A Kamal to take on kamal
Bhopal, Oct. 11: Congress circles are abuzz with speculation that senior politician Kamal Nath may be appointed chief of the party's near-defunct Madhya Pradesh unit, now headed by Arun Yadav.
Although there's been no word yet from the high command, several district-level party officials have been lobbying Delhi on Nath's behalf with fax messages or personal calls.
Nath, a nine-time Lok Sabha MP from Chhindwara, told The Telegraph yesterday he was open to the idea.
"I've been requested by a large number of party men from almost all the districts to lead the party," said the 68-year-old, one of just two Congress winners from the state amid the rout in last year's general election.
"I'm a disciplined soldier of the Congress and will not shy away from taking responsibility assigned to me."
If he heads the state unit, Nath would be engaging himself in state politics for the first time ever. He seems to have already made a start.
Over the past few weeks, he has been working with Jyotiraditya Scindia, the other Congress MP from the state, to sideline rival factions headed by Digvijaya Singh, Suresh Pachauri, Ajay Singh and others.
Scindia is said to be keen to join Rahul Gandhi's team and serve as a party general secretary. Nath apparently feels that Rahul would be best served by young politicians like Scindia.
Many local Congress officials are unhappy at the party's failure to mount any challenge to the BJP in the state at all even after the Vyapam scam. The composition of the state committee after its latest reconstitution under Arun Yadav too has left many unhappy.
Nath's supporters say Digvijaya may stay out of state politics for personal reasons, which would suit Nath.
Nath is known as "Bada Bhai" (elder brother) within the state Congress, a tag earned during Digvijaya's chief ministership between 1993 and 2003, when the two of them had offset veterans like Arjun Singh, Madhavrao Scindia and the Shukla brothers. Digvijaya used to acknowledge Nath as his "bada bhai" and the real power behind the throne.
The son of a businessman from Meerut, Nath was a contemporary of Sanjay and Rajiv Gandhi at Doon School, where he was affectionately called "Roly". He later earned a BCom degree from St Xavier's, Calcutta.
Nath is known for his ready wit. He had once told this newspaper how, travelling from Paris to Brussels by train with then European Union trade commissioner Peter Mandelson, he had explained his stand against agricultural protectionism by the developed countries.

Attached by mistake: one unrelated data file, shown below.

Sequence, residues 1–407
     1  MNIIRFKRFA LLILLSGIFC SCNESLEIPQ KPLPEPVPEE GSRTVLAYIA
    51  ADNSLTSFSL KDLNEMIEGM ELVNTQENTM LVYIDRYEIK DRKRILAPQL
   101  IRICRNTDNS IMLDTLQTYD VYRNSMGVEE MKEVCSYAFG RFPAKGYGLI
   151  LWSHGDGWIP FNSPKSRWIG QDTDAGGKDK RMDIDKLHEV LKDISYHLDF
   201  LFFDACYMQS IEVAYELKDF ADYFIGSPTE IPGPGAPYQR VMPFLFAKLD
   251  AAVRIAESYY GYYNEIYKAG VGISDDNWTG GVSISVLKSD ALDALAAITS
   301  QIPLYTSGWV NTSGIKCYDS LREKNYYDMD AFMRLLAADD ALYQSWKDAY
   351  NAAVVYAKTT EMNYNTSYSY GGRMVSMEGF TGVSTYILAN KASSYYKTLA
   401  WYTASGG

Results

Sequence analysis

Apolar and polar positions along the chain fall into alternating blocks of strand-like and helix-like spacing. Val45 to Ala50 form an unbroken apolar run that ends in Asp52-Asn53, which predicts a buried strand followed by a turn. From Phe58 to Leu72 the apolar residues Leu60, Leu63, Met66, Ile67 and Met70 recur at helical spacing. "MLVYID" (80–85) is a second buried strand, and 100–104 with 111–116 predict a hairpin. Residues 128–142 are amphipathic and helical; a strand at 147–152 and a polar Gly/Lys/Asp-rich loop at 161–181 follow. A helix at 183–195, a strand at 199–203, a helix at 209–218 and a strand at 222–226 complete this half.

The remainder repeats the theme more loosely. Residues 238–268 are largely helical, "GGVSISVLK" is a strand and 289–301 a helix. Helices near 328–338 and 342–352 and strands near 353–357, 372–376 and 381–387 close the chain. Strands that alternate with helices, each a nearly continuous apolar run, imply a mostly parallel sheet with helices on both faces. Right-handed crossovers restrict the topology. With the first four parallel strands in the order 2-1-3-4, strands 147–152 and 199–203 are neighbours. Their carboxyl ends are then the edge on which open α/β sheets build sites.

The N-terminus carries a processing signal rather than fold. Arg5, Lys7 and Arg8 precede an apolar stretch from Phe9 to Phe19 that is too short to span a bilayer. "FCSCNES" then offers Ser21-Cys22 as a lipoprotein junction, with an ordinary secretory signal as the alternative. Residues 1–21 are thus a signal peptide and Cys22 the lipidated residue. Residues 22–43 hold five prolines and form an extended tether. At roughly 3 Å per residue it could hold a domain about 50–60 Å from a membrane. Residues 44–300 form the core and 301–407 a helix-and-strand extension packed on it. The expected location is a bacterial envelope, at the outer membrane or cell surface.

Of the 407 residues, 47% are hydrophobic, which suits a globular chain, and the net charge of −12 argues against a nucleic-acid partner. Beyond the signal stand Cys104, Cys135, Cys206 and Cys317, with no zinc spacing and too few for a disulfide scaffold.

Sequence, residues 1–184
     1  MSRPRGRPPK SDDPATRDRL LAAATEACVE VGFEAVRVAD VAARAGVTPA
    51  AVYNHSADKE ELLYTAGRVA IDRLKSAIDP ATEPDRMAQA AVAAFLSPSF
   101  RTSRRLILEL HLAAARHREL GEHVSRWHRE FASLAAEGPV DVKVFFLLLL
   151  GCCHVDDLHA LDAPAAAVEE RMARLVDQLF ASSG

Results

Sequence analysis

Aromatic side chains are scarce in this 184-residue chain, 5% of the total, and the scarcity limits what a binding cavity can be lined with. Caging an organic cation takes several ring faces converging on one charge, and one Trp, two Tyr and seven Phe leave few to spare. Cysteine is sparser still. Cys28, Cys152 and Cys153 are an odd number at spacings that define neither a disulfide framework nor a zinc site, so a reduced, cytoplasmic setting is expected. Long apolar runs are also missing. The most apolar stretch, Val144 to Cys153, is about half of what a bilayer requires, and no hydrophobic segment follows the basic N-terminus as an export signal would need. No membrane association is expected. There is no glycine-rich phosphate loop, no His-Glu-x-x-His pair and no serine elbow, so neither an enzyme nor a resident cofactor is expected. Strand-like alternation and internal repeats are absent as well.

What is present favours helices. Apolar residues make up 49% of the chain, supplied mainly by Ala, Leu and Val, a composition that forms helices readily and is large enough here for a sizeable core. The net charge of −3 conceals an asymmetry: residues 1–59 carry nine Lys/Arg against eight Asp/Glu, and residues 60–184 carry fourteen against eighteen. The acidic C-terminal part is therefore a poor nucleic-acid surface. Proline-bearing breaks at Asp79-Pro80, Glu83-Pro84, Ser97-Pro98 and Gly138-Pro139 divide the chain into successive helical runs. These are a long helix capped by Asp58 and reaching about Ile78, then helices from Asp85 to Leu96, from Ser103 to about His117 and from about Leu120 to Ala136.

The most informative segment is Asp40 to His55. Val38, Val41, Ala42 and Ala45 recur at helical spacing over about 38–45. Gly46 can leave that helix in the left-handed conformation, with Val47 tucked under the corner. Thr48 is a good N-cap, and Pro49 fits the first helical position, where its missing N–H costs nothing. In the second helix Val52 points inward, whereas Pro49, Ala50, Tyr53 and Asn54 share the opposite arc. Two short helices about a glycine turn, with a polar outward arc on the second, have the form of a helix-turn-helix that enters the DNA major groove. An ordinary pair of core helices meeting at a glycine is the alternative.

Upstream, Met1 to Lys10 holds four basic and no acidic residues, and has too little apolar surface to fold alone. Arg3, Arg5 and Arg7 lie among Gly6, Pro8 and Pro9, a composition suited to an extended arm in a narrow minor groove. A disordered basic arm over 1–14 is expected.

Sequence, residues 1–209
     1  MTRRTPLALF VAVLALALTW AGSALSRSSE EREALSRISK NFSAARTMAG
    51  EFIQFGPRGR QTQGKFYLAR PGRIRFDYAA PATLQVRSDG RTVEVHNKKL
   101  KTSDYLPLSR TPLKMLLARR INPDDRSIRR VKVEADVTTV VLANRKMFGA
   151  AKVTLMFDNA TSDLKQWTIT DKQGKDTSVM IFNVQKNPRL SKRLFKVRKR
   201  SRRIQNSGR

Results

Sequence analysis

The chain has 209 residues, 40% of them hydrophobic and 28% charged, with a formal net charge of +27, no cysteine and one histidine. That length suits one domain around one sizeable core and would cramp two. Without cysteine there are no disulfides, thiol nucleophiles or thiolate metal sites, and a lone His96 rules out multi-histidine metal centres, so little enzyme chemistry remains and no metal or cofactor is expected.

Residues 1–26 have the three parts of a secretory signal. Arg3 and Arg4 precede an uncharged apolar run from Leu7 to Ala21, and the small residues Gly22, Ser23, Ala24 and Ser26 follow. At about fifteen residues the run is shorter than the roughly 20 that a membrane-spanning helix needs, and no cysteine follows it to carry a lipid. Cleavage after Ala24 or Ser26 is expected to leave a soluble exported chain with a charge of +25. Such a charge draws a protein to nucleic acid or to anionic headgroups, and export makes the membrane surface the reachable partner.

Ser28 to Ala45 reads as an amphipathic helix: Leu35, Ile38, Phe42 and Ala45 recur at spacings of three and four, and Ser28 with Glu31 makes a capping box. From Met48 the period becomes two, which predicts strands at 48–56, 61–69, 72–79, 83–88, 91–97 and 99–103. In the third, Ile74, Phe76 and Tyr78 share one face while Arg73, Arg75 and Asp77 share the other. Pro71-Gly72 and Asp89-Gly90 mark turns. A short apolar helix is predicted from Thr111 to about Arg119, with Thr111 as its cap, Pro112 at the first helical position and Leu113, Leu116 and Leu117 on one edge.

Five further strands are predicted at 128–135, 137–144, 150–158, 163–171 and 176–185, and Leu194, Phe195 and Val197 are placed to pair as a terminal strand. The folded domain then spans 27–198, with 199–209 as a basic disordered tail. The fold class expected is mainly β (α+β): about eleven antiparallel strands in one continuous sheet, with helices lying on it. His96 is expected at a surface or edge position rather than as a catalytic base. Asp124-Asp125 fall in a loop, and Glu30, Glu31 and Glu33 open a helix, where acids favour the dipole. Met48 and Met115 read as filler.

"Here are the fat cows living on subsidised food and they can't stand on their legs. That is my story and that is my argument," he had told Mandelson.
Nath has nursed his constituency well and visits it every month. It's part of local lore how he once got executives from the Japan Bank for International Cooperation to visit Chhindwara as his guests so he could persuade them to extend a loan for a central project that involved building a dam on the local Pench river.
In February 2007, he had got industry chamber CII to hold a conclave in Chhindwara. Two private jets carrying leading Indian industrialists had landed on the Nath family's airstrip. One of the upshots: a spice park in the constituency.
Nath has got sucked into a few controversies too. In 2011, party rivals accused him of inviting Baba Ramdev to Chhindwara to organise a campaign against the UPA II government.
A party member from Ujjain, Prem Chand Guddu, wrote to Sonia Gandhi alleging Nath had raised Rs 25 lakh for the campaign. Nath denied any involvement.
Earlier, during the last days of the P.V. Narasimha Rao government in the mid-1990s, Nath had been forced to quit the cabinet after being accused in the Jain hawala case.
His wife Alka won from Chhindwara as the Congress nominee in 1996 but a restless Nath prompted her to resign within a year.
During the by-election that followed, Nath tasted defeat for the first and only time. In 1998, he was back as MP from Chhindwara.